Business owners go through stages in their growth cycle. At first all you can think about is starting your own business and working for yourself: “Man, that feels so good! Now I don’t have to answer to anyone. I can work from the couch in my PJs, and it’s OK because I’m the boss.”

Then you realize business doesn’t come through the door quite as fast as you’d like if you’re in your PJs on the couch. So you put on real clothes and go out and network. But that’s OK, because you’re the boss, and you can network as much or as little as you like.

Then the networking actually pays off, and you’ve now got more business than you can manage on your own. So you hire someone and that’s cool, because you’re the boss! But wait a minute. That means you’re the boss. The success or failure of your employees depends heavily on your ability to be a good leader.

Here are four ways to keep your employees engaged, happy and profitable — for themselves, for you and for your company.

  1. Ask them what they would do. I’m very clear that I have only one brain and many times it doesn’t hold the perfect answer. It does, however, hold the final answer. So when asking your employees what they’d do if they were you, don’t be surprised if you get an answer that you never would have thought of alone … in your PJs … on the couch.
  2. Say “thank you.” I know it sounds rhetorical or standard, but it works. As a former employee of Wendy Kinney with PowerCore, I can tell you firsthand the impression she had on me by not letting me leave for the day without thanking me. I realized that whether I had messed up that day, or was 100 percent on the ball, my efforts were appreciated. I have instituted that in my A Big To Do Event office, as well, and hope my employees and interns feel the same way I did.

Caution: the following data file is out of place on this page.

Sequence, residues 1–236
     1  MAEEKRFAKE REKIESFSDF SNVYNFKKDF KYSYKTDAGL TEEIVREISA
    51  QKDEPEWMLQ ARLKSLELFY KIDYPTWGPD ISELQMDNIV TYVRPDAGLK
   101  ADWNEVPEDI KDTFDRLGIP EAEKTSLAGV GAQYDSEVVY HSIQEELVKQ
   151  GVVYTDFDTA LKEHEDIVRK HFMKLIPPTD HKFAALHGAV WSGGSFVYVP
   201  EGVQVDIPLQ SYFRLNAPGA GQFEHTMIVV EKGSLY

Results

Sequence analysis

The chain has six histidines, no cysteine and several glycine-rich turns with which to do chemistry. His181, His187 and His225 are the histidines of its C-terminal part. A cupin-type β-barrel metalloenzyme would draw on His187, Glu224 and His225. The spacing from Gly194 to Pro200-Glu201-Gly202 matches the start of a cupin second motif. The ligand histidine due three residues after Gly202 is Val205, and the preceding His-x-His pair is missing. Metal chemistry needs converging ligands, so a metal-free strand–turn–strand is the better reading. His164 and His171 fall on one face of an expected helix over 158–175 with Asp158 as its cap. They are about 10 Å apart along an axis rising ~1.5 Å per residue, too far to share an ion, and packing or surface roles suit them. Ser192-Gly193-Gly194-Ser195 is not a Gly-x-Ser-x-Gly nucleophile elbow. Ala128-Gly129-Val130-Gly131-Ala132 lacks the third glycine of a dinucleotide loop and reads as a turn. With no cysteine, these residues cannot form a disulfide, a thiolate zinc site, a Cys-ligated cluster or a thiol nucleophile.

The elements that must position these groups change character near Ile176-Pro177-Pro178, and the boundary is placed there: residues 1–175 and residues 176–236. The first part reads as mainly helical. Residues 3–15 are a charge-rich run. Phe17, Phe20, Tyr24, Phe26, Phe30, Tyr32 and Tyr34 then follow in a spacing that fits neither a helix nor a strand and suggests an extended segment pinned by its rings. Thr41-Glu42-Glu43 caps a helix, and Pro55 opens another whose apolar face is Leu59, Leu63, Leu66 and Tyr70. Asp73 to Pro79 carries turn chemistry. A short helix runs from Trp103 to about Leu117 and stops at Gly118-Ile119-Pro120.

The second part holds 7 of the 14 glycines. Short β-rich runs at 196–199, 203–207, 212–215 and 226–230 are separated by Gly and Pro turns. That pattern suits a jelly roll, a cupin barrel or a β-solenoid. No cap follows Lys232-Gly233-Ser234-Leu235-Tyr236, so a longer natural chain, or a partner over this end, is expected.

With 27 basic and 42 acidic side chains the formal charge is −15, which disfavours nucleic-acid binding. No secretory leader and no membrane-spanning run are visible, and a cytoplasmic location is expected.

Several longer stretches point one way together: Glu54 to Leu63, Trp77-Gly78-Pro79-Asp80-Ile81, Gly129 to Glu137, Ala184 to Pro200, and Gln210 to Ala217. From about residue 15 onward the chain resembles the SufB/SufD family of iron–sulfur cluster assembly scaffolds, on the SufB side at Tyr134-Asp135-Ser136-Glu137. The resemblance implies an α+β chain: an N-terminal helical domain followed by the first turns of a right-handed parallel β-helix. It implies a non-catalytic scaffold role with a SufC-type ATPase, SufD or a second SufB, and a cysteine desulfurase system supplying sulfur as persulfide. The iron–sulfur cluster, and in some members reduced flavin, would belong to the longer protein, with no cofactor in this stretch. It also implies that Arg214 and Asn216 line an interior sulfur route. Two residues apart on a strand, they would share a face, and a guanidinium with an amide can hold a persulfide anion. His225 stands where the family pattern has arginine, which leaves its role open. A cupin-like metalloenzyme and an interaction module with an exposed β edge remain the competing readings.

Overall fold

3. Make expectations clear. Every Monday morning we have a full staff meeting called “Monday Morning Huddle.” This is an opportunity to go down the list of every event on our books and discuss the next deliverable, who is responsible for it and where we stand. We do this so no balls get dropped  and our clients receive 100 percent accurate and on-time deliverable execution. It also keeps employees accountable.
  4. Stop and smell the roses. It’s totally fine to take one day a quarter and do something fun with the team. If you live near an amusement park, take your team there one afternoon. Around the holidays, we have a family dinner at my house. All current employees, recent interns and their significant others are invited for a potluck dinner. This lets us really connect on a personal level and get to know the family members with whom we’re sharing each other’s lives.

I hope these ideas spark some of your own thoughts on how to engage and motivate your team. We’d love to hear what you are doing in your business. Leave your comment below and/or connect with me on Twitter (@ChecklistQueen).